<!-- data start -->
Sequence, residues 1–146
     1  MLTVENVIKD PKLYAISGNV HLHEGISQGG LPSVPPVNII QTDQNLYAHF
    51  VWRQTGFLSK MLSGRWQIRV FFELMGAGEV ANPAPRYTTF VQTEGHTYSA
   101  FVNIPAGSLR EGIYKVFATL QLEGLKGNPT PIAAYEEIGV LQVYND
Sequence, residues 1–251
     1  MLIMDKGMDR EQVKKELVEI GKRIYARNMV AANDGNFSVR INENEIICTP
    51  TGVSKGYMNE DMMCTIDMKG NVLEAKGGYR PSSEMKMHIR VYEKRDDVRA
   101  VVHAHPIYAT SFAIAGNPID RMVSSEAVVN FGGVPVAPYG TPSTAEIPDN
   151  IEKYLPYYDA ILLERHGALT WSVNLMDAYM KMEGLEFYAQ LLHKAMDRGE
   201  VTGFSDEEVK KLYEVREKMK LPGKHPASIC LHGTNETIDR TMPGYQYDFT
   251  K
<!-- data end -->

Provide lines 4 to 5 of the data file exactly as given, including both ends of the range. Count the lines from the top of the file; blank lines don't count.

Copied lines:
   101  FVNIPAGSLR EGIYKVFATL QLEGLKGNPT PIAAYEEIGV LQVYND
Sequence, residues 1–251